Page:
Here we see that the end of each half cycle of the square wave is drooping (or tilting) back towards zero. Some may think this is due to DC being eliminated by the high pass filter. This is not the case. The real reason for the tilt is because of the phase shift of the harmonic components that make up the square wave. Notice that, in the middle of each half cycle, the maximum of the first harmonic (red) is no longer aligned with the maximum/ minimum of the other harmonics. This can also be seen, perhaps more clearly, by looking at the zero crossings. In the previous graphs, whenever the fundamental had a zero crossing all of the other harmonics also had zero crossings. This is not the case in Figure 6 with the high pass filter applied.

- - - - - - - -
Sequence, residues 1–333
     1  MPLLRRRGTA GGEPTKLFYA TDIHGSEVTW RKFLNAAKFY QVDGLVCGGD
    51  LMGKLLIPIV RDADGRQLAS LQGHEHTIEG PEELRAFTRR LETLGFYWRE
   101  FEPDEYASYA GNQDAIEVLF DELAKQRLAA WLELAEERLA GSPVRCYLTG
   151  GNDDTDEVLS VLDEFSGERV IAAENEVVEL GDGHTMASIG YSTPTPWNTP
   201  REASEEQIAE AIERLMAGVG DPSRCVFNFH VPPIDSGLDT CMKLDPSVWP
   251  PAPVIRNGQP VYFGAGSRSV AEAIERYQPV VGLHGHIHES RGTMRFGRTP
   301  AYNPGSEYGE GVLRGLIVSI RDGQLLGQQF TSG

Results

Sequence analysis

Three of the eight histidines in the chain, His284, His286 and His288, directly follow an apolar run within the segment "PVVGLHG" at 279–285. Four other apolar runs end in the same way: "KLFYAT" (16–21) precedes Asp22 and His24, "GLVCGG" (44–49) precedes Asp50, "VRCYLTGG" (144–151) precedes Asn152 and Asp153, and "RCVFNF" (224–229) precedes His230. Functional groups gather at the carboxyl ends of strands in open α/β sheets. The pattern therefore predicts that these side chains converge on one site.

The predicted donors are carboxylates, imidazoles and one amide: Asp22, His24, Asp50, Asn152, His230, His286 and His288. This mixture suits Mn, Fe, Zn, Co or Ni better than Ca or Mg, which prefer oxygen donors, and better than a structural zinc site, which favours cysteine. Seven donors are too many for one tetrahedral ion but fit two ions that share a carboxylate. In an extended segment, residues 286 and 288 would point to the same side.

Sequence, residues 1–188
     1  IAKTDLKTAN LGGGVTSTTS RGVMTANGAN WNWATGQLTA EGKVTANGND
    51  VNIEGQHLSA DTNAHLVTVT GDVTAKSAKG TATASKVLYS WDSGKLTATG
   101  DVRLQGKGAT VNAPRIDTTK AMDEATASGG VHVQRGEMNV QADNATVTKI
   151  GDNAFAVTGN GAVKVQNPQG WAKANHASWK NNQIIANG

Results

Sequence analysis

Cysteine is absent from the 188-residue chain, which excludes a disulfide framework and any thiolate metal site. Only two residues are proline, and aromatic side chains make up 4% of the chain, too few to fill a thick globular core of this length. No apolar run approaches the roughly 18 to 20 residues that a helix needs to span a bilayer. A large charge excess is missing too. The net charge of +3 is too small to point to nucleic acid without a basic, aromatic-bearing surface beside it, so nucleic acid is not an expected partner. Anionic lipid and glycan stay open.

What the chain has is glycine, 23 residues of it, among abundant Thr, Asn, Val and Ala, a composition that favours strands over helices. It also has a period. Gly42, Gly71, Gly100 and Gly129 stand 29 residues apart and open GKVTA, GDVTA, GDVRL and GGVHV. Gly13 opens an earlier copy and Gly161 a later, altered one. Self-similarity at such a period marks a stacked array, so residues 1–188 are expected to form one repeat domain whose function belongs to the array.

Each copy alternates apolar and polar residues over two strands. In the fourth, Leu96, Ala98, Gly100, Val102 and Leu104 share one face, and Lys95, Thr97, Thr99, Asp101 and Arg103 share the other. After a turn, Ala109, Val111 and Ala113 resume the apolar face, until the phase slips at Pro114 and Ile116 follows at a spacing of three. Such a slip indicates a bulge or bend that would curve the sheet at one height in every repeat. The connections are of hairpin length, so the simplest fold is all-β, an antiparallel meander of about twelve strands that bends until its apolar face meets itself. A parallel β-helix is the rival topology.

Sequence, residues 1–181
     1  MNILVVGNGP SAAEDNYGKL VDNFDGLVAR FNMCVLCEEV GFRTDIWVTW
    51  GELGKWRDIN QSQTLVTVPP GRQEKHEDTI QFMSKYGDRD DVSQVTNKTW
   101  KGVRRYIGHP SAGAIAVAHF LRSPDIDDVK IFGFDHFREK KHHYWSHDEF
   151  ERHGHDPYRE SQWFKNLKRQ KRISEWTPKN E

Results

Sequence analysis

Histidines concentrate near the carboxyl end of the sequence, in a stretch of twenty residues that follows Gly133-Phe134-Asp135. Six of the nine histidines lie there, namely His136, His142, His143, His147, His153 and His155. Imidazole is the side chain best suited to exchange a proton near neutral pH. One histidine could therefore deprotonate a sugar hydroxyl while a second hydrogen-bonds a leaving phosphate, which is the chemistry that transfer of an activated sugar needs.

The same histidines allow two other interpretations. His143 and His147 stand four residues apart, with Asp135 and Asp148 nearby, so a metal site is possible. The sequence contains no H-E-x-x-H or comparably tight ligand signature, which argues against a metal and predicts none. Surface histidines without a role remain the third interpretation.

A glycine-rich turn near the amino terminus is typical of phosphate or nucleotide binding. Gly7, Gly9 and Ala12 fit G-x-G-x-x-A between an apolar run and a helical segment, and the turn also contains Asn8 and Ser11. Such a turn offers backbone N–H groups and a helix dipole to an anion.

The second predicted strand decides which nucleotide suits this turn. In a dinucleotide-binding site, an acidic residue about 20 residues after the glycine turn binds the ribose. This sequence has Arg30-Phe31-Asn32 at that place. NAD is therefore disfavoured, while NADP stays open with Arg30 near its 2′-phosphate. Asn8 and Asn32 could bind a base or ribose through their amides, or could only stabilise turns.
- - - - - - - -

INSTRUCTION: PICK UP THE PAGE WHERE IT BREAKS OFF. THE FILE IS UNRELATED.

If we look at the response of the 50 Hz high pass filter in the frequency domain (Figure 7) we can see how the phase shift of the harmonic components occur. The phase shift at 200 Hz is approximately 21° relative to the high frequency limit of 0° (no phase shift) which results in the 292 usec time shift of the fundamental. The phase shift of the next component (3rd harmonic, 600 Hz) is approximately 7°. This results in a 32 usec time shift of this component. All of the higher harmonics are subjected to less phase shift (are closer in-phase) and thus occur at roughly the same time. So Figure 7 predicts precisely what we see in Figure 6. To double check our assertion that the phase response of the 50 Hz high pass filter is the cause of the square wave tilt and not the removal of any DC, let’s pass the square wave through a 50 Hz all pass filter instead of the high pass filter. This will maintain roughly the same phase shift as the high pass filter but the low frequency content of the signal will not be attenuated. If there is any DC component contributing to the square wave we should see a difference (i.e. the tilt should no longer be present). A quick look at Figure 8 should confirm that it is virtually identical to Figure 6 . This should confirm unequivocally that the flat topped structure of a particular waveform is not due to DC. It is instead due to the harmonic content of the signal and the phase relationship of those harmonics to the fundamental.